However, Zalicus constantly dilutes shareholders and seems to mis-manage money--in my opinion. Many Zalicus shareholders bought the stock on its promising pipeline, but to date, most are holding a bag because the company just continually raises capital on the backs of investors-- a strong negative and the main reason I will not write positively about the company until when and if they stop engaging in what I believe to be excessive dilution.

Pluristem on the other hand, does not engage in excessive dilution. According to the company's latest 10Q, during the past nine months, 218,373 warrants were exercised in consideration for $383,253, and 231,692 warrants were exercised on a cashless basis resulting in the net issuance of 116,913 shares of stock-- very little dilution. Comparing this to other developmental bio pharmas, and we can clearly see Pluristem is not dumping shares on investors.

Instead, during the past 9 months, the company received approximately $904,000 from the Israeli Office of the Chief Scientist (OCS) towards its research and development expenses. The OCS has supported its activity over the past six years. In April 2012, Pluristem received the OCS's approval of the seventh year grant in the amount of NIS 11.8 million (approximately $3.1 million) for participation in R&D expenses occurred during the period from March 1, 2012 through December 31, 2012. According to the OCS grant terms, the company is required to pay royalties at a rate of 3% - 5% on sales of products and services derived from technology developed using this and other OCS grants until 100% of the dollar-linked grants amount plus interest are repaid. In the absence of such sales, no payment is required.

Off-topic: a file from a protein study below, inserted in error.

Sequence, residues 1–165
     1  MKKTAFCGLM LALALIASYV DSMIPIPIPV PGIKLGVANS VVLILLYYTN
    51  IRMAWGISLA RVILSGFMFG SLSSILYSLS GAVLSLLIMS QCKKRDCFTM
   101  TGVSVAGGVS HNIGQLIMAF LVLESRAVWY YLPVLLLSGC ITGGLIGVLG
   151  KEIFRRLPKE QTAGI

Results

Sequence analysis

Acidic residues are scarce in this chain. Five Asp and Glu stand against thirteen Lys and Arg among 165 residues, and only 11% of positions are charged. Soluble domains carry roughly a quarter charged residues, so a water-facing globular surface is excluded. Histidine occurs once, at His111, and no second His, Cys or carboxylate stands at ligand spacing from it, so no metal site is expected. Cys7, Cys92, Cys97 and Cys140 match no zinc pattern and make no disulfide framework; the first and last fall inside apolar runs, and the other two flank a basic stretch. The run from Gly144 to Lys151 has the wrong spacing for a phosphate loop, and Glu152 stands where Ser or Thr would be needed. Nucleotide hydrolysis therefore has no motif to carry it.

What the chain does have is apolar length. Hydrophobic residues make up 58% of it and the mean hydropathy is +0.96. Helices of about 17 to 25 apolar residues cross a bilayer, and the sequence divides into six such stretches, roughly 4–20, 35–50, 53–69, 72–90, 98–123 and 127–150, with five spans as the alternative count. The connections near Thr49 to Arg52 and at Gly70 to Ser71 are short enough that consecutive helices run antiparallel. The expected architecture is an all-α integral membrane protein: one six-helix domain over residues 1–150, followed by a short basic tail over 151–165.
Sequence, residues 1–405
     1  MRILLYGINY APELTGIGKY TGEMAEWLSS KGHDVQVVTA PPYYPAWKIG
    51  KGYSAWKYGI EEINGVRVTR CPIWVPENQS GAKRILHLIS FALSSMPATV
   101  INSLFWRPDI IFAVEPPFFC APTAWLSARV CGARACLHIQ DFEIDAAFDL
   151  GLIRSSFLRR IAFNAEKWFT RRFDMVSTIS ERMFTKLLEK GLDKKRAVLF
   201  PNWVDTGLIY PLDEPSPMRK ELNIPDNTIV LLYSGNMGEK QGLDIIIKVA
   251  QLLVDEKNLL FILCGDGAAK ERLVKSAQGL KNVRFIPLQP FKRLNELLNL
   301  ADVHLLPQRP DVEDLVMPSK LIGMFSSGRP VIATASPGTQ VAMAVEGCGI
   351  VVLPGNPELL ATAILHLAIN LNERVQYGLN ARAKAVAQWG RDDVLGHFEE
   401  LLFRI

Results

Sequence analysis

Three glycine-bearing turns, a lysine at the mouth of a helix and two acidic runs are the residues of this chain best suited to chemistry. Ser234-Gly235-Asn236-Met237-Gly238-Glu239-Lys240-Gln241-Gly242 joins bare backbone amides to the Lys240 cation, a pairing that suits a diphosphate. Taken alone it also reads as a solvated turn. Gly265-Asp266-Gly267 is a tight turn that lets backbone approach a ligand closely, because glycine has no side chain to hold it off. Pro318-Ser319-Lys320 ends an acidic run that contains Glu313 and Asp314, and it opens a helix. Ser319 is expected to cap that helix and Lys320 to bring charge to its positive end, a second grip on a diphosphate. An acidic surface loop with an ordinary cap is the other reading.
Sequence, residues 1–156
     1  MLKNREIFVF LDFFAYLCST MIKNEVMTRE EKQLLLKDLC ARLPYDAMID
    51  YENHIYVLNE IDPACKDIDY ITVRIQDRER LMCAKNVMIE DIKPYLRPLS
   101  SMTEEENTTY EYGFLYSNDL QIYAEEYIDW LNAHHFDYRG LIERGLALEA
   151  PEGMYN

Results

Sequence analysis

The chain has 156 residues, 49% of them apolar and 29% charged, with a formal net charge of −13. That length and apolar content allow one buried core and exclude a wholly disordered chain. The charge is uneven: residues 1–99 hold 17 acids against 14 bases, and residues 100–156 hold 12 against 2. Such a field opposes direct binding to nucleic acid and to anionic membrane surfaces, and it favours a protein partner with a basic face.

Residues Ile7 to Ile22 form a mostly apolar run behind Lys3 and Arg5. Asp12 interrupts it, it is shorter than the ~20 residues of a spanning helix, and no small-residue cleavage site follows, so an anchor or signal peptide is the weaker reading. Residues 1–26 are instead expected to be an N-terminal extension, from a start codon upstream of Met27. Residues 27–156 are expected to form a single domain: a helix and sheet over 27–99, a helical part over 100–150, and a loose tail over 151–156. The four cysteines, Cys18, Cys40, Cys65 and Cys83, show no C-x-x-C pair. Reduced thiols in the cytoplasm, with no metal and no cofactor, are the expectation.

Pluristem shows a pattern similar to a company I wrote about in the past, BioDelivery Sciences International (BDSI). BDSI has not engaged in excessive dilution upon its shareholders, and has excellent management. At the time I wrote the article, BDSI's stock price was $2.57 a share. Its current stock price is $4.96 a share, trading very close to its 52 week high of $5.19.

My price target opinion at the time I wrote my article on BDSI was:

Short term: $3.05
Mid-term: $4.00
Longer mid-term (6-11 months) $5.00

Pluristem has even greater upside potential, once it gets the proper coverage. The company's tech might reach the market faster than normal, under accelerated compassionate use. Short sellers might want consider this factor along with the fact the company does not engage in shareholder dilution before considering taking a short position here. Additionally, the company displays a management team who has shown in its actions a commitment to stay anti-dilutive while maintaining proper working capital--shareholder friendly.

Balance Sheet

Total Cash (mrq):

39.54M

Total Cash Per Share (mrq):

0.88

Total Debt (mrq):

0.00

Total Debt/Equity (mrq):

N/A

Current Ratio (mrq):

8.54

Book Value Per Share (mrq):

0.85

Cash Flow Statement

Operating Cash Flow (TTM):

-4.50M

Levered Free Cash Flow :

-4.21M

Notice, the cash burn is very low in comparison to its cash on hand. The company also stated in its latest 10Q that is has enough working capital to last thru 2014, so dilution is off the table here.

Avg Vol (3 month):

157,533

Avg Vol (10 day):

190,725

Shares Outstanding:

44.82M

Float:

40.32M

% Held by Insiders:

10.05%

% Held by Institutions:

1.00%